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Regal, reserved Irina Lukovic was the perfect live-in housekeeper. Until she found out she was being sent back to her war-torn homeland. So Caleb Bravo came up with the ideal solution...one where they'd still be living together on a more permanent basis.... The handsome bachelor proposed!
Irina couldn't believe that the footloose mogul was giving up his freedom for her. But now that they were officially husband and wife, she suddenly yearned to belong to Caleb in more than name only. To be his wife...in every sense of the word...
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A New York Times bestselling author, Christine Rimmer has written over ninety contemporary romances for Harlequin Books. Christine has won the Romantic Times BOOKreviews Reviewers Choice Award and has been nominated six times for the RITA Award. She lives in Oregon with her family. Visit Christine at http://www.christinerimmer.com.Excerpt. © Reprinted by permission. All rights reserved.:
Caleb Bravo stood in the doorway to his housekeeper's bedroom. He was holding the note she'd left propped on the kitchen counter. "What the hell, Irina?" He shook the note at her.
"Oh. Hello, Caleb. You are home early." She spoke without giving him so much as a glance, her head tipped down as she tucked a gray sweater into one of the two tattered suitcases spread open on her bed.
He entered the room. "I asked you what you're doing."
She straightened at last and faced him. "I am leaving," she said in her throaty, deadpan, Argovian-accented English.
"Just like that? Out of nowhere?"
"Is no other choice."
"Of course there's a choice." He held up the note again.
"Three sentences," he accused. "'Caleb, I must leave. I will not come back. Thank you for everything you do for me.'" He wadded it up and fired it at the wastebasket in the corner. "Couldn't you at least have told me why?"
She turned and took an envelope from the night-stand. "One hour ago, from the mail, this comes for me." She gave it to him.
There was a single sheet of paper inside—a letter, a very official-looking one, topped by the seal of U.S. Citizenship and Immigration Services. He scanned it swiftly. They were revoking her asylum. She was to report to her San Antonio service center immediately.
"What the hell?" he said again. "Don't you have a green card? Aren't those good for several years at least?"
"I have permit to work. I apply for green card. But there are... delays. Many delays."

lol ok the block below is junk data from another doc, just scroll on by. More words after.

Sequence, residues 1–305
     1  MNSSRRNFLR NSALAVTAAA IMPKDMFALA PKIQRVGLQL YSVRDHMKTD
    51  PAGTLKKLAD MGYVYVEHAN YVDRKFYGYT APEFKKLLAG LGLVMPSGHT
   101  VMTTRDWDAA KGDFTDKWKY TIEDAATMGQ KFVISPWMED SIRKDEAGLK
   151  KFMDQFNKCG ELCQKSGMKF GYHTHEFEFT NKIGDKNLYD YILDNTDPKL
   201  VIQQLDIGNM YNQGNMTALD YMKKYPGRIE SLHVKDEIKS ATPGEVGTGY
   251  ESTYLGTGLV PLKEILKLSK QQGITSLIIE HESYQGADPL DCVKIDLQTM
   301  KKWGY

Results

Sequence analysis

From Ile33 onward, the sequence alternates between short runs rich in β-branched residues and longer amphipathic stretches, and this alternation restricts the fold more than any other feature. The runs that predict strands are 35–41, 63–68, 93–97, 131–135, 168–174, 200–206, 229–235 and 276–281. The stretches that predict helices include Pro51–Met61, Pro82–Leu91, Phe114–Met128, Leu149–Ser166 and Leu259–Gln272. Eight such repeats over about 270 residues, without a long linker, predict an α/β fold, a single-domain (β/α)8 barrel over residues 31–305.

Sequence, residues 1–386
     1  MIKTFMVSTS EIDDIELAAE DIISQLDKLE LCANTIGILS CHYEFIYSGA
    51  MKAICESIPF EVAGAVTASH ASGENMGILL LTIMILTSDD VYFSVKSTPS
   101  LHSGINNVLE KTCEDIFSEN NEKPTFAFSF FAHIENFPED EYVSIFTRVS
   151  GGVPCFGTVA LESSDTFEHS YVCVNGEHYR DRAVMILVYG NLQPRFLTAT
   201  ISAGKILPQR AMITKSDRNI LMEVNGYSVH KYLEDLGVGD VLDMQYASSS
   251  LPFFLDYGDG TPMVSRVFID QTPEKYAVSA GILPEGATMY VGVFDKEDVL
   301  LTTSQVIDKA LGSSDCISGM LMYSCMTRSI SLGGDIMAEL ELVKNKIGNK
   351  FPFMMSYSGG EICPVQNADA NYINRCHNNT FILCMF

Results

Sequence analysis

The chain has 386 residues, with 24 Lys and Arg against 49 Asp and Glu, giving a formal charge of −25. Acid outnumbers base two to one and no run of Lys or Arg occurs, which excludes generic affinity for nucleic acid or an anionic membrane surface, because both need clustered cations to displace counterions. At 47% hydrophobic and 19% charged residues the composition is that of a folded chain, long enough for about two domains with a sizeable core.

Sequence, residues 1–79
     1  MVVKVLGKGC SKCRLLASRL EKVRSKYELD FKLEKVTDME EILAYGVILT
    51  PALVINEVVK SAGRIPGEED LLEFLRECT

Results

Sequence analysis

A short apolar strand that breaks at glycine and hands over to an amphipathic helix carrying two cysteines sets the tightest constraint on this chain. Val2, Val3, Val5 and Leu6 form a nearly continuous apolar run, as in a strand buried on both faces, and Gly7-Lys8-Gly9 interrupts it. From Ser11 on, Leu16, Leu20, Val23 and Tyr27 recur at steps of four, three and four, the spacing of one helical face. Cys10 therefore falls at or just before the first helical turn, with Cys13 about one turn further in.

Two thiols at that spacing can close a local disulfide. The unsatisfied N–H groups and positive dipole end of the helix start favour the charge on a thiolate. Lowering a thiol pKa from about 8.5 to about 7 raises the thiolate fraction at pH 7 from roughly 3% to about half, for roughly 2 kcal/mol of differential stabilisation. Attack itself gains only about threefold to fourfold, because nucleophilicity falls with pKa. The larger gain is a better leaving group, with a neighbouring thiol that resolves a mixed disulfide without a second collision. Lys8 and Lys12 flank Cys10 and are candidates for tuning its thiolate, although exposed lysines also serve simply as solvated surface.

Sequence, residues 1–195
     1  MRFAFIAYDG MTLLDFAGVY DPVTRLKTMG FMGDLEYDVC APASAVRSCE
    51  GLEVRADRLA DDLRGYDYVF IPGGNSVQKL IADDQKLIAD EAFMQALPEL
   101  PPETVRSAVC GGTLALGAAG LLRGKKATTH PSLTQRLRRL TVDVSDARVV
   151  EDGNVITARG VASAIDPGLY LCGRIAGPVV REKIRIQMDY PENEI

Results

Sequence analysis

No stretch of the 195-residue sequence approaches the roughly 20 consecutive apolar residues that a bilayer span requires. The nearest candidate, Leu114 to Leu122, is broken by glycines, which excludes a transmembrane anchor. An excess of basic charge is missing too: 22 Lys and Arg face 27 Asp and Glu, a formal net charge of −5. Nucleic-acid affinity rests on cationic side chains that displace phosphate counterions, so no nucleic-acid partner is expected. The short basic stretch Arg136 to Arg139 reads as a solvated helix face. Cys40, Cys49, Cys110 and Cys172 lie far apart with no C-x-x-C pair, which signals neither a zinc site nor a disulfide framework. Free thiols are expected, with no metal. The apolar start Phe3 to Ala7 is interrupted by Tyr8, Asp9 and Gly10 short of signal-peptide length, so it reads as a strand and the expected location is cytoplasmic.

"They can't do that, just... send you back to Argovia."
"But they do." She took the letter from him, refolded it, slipped it into the envelope, put the envelope on the nightstand—and returned to her packing. He watched her as she moved on silent feet from the bureau to the bed and back to the bureau again.
This was not happening. It couldn't be happening.
No way was he getting along without Irina. She was the best. She picked up after him, saw to his laundry, cooked tasty meals when he asked for them—and never batted an eye when she saw him or a girlfriend walking around the house naked.
She was the perfect live-in housekeeper. Quiet and competent and always calm. She anticipated his every need and also somehow managed to be next to invisible. He would never find another like her.
And what about Victor?
Her cousin, Victor Lukovic, was his best friend in the whole damn world. He owed Victor his life. He couldn't stand it if Victor thought he'd somehow chased his little cousin away.
"Yes?" She smoothed the folds of a brown wool scarf.
"Where exactly are you going?"
She frowned and shook her head. And then returned to the bureau for a stack of depressingly plain white cotton underwear.
He tried again. "So... back to Argovia then?"
She put the underwear in the larger of the two suitcases. "I never go back there." She flipped the suitcase closed and zipped it shut.
"But if not there, then...?"
"You have no need to know." She grabbed the laptop she'd bought a few months after she started working for him and stuck it in the side pocket of the smaller suitcase. Then she zipped that suitcase shut and dragged it to the floor. The larger one followed, landing with a heavy thump.
"Do you even know where you're going?"
No answer. She arranged the suitcases side by side, with a small space between. And finally she stepped into that space and faced him again.
"Thank you for everything you do for me, Caleb. You are good boss. The best." As usual, she was dressed from head to toe in nondescript gray. He'd never seen her in anything bright-colored, nor in short sleeves. And she wore high-neck shirts and sweaters year-round, in complete defiance of San Antonio's killer-hot summers. Her straight, dark brown bangs half-covered her enormous brown eyes. She looked... so pitiful. Lost. And alone.